• Occupation (Do you work with chemicals? Do you work in a particularly dirty/dusty environment? Do you work near fires?)
  • Lifestyle (Does someone in the house smoke? Do you have hobbies that involve chemicals? Paint? Sanders? Welders? Do you use / store a variety of cleaning solvents in your home?)
  • Housing (Do I live in a house where I can install a whole-house system? Or do I live in an apartment and need to use a room model? Is my home well ventilated? Is it always stuffy or smelly? Do I find rodents or cockroaches often inside my home?)
  • Where you live (Example: if you live in Florida, chances are insecticides / pesticides are regularly sprayed and come into your home via your shoes. Do you live near an airport where planes fly overhead? Do you live near a plant where chemicals are used? Do you live near a highway with substantial exhaust fumes?)
  • Circumstances (Did you just install new carpet? Have you remodeled your home? Has your home suffered flood damage or other water damage? Do you have a fireplace or a gas-burning stove?)
  • Budget (What can your budget afford?)

Any of the single factors above can indicate the need for an air cleaner. If your current circumstance includes several of the above factors, you should seriously consider installing an air cleaner in your home. Whole house air cleaners are best Vs room air cleaners, as room air cleaners don’t stop contaminants in the rest of the house from circulating everywhere.

GeneralAire® HEPA and TERSus Air Cleaners are of the best in the industry. Hospitals use HEPA filters because they utilize the highest-efficiency filter with carbon to remove virtually all contaminants and particulates from indoor air (dust, pet dander, bacteria, mold spores, gasses, odors and more). TERSus air cleaners combine the efficiency of HEPA (eliminating particulates) with UV air purification (eliminates mold, bacteria, viruses and other bioaerosols). GeneralAire® also offers MAC and AC Series air cleaners and commercial air cleaners. Many air cleaners allow you to purchase replacement filters of varying efficiencies to best suit your needs. Today’s whole house air cleaners overall substantially improve the quality of the air you breath in your home.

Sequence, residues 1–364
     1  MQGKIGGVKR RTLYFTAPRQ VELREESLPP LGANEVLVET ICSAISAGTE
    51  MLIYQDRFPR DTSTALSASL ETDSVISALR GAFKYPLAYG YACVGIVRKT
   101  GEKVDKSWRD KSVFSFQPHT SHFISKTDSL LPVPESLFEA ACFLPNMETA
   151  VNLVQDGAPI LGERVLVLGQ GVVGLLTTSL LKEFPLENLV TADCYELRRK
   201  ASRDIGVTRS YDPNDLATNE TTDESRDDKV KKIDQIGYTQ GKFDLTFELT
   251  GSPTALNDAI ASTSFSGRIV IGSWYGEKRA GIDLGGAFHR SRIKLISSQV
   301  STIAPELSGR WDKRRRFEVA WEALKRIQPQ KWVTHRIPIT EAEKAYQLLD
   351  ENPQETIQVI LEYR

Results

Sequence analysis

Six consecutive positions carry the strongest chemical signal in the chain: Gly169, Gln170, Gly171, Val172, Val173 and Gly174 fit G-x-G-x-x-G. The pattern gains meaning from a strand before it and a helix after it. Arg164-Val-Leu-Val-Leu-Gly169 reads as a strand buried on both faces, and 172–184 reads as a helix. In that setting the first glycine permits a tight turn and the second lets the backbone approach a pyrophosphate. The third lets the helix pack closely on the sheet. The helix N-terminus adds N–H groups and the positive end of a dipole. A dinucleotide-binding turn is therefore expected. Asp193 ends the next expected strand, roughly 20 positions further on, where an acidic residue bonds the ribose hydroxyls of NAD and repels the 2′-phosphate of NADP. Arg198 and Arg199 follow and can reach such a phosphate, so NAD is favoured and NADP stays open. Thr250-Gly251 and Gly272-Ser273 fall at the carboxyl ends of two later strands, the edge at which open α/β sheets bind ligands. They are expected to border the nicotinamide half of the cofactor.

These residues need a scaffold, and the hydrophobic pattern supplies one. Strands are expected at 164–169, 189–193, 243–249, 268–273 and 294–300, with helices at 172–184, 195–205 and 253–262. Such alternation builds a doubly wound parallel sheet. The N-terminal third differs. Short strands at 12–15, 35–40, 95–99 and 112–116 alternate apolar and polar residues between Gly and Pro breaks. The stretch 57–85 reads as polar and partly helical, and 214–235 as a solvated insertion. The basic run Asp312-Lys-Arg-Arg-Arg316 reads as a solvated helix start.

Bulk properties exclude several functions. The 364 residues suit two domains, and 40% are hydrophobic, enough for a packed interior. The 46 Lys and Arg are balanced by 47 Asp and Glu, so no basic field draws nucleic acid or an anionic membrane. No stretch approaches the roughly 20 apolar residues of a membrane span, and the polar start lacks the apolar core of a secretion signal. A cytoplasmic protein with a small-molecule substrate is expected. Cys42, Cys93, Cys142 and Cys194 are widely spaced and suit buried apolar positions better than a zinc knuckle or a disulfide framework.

Normally air is cleaned by an HVAC-installed air cleaner while the HVAC system is on (actively heating or cooling the house) because it moves air through the air cleaner filtration system. The air is not being actively cleaned when the HVAC system is off because air is no longer being moved by the HVAC system through the air cleaner.

In "event-based" air cleaning, you can control your air cleaner to clean the air in your home even if the HVAC system is not heating or cooling. How do you do this? By simply turning the blower fan in your HVAC system on when the heating and cooling function is off. This keeps air flowing through your air cleaner at all times, whether heating, cooling or simply running the blower fan.

Why would you want to do this? Maybe the outdoor seasonal pollen has made its way inside and is causing an increase in allergy or asthma triggers. Maybe someone in your home has a chronic health concern that requires constant air cleaning. Maybe you are remodeling and demolition particles from drywall, wood, insulation and other sources are everywhere!

Companies may advertise "Event-Based" air cleaning as if it's new, special or unique technology. The fact is ALL whole house HVAC-installed air cleaners (including GeneralAire®) are capable of event-based cleaning; either manually (by simply turning your fan on at the control unit / thermostat) or automatically (with a programmable control unit / thermostat). If you wish to use a thermostat for automatic control, be sure it is one designed to program your heating, cooling and fan operations.